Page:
The Anthony Caro Centre

During a career that spanned more than six decades, Anthony Caro (1924-2013) achieved international recognition as one of the world’s leading sculptors.  In 1960, he abandoned his earlier figurative way of working and began making abstract sculptures in welded and painted steel.  In a significant departure from tradition, these constructions were placed directly on the ground; dispensing with the convention of presenting sculptures on plinths, they confronted the viewer immediately, producing a one-to-one encounter with objects that were in the world but not of the world. Being abstract, these creations were entirely unfamiliar but possessed a tangible presence. When first shown in Caro’s one-man exhibition at the Whitechapel Gallery, London, in 1963, they caused a sensation, heralding a revolution in the way sculpture was regarded. Caro’s radical, new approach to methods and materials was liberating, and it changed the very idea of what sculpture was - and could be.

 

By 1970, Caro had achieved pre-eminence.  On the occasion of his first solo exhibition in New York, the New York Times observed that he was ‘unrivalled as the most accomplished sculptor of his generation. He is unquestionably the most important sculptor to have come out of England since Henry Moore’. Over the next forty years, Caro continued to explore the unconventional language he had created, developing its expressive potential by probing the boundaries between sculpture and painting, music and architecture.  In particular, he was fascinated by interior, contained spaces, constructing works that were not simply for observing but could be physically entered.  Having made the case for abstract sculpture, from the 1980s onwards he broadened the scope of his output by combining abstract, allusive and sometimes figurative elements; he also embraced a range of different materials, including bronze, wood, lead, ceramic, paper and Perspex.  The scale of his invention extended from small, intimate pieces to multi-part installations, large-scale sculptures for public spaces and architectural commissions.  By the time of Caro’s death in 2013, there had been over 130 exhibitions of his work around the world, as well as inclusion in numerous international group exhibitions; his sculpture is represented in the world’s major public and private collections.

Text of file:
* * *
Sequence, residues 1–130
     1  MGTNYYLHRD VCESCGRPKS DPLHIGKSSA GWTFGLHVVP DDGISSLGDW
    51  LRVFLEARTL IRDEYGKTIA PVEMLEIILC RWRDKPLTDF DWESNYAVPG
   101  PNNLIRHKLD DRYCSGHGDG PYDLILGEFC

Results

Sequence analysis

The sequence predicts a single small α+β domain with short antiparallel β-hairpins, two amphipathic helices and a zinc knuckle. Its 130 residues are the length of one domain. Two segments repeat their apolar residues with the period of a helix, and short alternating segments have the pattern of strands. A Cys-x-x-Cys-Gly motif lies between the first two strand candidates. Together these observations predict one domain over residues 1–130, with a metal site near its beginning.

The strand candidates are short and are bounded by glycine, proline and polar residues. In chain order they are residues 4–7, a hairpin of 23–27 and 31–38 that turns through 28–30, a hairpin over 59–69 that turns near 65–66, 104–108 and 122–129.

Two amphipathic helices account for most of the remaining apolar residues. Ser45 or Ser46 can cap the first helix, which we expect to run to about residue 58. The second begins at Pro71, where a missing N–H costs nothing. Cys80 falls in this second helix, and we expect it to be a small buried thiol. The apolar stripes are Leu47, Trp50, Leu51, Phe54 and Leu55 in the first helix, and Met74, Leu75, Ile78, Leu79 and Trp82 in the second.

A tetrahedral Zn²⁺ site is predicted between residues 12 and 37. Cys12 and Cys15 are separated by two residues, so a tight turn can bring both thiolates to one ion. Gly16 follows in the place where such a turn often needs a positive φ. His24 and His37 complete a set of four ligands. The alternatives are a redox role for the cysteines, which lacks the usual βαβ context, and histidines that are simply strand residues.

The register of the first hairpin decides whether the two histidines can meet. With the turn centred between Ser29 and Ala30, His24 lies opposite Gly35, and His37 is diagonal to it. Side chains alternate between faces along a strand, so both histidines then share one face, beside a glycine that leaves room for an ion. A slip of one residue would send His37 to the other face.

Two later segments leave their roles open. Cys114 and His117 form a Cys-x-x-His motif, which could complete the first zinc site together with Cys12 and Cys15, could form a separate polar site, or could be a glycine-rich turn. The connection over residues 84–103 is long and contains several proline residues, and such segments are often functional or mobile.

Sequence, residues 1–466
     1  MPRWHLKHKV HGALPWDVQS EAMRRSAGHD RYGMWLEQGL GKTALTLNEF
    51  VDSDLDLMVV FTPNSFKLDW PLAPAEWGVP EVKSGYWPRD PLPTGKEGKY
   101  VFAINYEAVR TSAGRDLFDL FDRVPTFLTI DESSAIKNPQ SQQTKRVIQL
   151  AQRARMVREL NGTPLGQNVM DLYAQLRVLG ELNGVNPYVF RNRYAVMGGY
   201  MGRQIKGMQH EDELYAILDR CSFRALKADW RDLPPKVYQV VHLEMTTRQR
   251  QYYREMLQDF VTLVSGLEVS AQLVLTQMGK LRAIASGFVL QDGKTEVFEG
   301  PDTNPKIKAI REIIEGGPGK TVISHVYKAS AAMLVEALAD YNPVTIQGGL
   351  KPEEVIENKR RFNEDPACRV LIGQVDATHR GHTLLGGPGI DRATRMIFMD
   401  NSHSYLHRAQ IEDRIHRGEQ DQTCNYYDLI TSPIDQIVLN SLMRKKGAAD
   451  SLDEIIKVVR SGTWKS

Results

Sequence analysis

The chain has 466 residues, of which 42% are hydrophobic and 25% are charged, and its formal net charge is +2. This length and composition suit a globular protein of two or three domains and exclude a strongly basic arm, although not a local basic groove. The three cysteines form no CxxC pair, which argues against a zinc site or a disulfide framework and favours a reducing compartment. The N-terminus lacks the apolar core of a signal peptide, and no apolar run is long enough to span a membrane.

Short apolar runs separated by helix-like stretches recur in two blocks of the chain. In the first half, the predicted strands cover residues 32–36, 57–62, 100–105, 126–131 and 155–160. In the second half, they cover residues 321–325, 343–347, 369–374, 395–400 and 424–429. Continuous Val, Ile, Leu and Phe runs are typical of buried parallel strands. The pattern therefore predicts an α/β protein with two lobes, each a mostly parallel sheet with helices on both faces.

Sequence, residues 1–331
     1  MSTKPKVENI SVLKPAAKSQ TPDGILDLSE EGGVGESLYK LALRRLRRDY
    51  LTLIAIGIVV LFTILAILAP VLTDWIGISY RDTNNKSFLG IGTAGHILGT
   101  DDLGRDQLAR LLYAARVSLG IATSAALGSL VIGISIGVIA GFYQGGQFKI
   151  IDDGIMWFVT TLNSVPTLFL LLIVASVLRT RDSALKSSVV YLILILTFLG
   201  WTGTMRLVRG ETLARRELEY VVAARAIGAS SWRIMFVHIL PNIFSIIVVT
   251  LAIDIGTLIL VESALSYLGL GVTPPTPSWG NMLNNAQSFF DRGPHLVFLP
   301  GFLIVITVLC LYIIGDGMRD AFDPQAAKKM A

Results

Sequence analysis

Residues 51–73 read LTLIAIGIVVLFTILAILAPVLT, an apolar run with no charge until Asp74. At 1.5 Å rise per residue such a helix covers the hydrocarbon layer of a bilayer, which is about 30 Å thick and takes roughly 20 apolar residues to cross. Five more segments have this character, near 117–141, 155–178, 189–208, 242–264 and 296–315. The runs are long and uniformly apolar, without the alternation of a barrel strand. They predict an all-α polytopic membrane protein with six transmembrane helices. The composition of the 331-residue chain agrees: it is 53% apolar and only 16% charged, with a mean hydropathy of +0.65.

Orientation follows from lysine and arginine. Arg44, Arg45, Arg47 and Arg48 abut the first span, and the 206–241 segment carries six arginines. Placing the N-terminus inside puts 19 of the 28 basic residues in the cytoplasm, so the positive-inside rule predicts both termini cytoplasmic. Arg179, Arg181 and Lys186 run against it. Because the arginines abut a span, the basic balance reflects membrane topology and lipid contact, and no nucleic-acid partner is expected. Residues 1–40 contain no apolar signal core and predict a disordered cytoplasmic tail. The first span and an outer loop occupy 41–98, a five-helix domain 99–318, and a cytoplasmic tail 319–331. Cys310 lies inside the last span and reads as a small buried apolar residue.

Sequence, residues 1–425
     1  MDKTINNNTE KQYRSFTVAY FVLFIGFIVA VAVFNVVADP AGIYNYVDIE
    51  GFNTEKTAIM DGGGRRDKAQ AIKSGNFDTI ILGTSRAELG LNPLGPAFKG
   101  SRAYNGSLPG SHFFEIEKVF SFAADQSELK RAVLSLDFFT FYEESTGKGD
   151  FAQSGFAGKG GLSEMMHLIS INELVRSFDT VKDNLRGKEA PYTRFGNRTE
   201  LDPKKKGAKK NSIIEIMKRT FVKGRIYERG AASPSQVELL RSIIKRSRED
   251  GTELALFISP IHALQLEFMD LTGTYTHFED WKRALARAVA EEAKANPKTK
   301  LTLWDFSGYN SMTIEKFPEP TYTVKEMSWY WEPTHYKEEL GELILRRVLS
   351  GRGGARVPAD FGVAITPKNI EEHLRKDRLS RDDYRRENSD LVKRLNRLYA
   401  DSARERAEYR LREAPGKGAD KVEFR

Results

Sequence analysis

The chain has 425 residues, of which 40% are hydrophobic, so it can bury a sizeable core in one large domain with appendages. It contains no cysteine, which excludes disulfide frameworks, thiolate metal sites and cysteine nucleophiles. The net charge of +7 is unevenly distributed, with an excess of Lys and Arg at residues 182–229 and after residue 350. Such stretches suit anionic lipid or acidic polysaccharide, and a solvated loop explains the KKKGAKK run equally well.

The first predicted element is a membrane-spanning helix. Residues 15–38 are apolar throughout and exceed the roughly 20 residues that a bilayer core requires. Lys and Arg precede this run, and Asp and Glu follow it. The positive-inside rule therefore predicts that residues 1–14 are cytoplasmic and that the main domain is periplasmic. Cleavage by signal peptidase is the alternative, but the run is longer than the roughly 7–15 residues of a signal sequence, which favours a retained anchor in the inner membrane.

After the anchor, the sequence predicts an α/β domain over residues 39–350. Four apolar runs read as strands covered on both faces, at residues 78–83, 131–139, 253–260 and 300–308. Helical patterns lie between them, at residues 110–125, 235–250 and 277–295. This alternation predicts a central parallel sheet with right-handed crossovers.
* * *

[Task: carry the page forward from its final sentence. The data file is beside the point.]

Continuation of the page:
The Anthony Caro Centre is dedicated to preserving and promoting Caro’s artistic legacy.  Based at the site of his former studio in Camden, north London, the Centre is responsible for exhibiting, storing, conserving and lending the outstanding works in its collection; it also houses the artist’s archive and library.  As such, it forms the main platform for the study and appreciation of Caro’s achievements. 

 

 

Paul Moorhouse

Chief Executive

The Anthony Caro Centre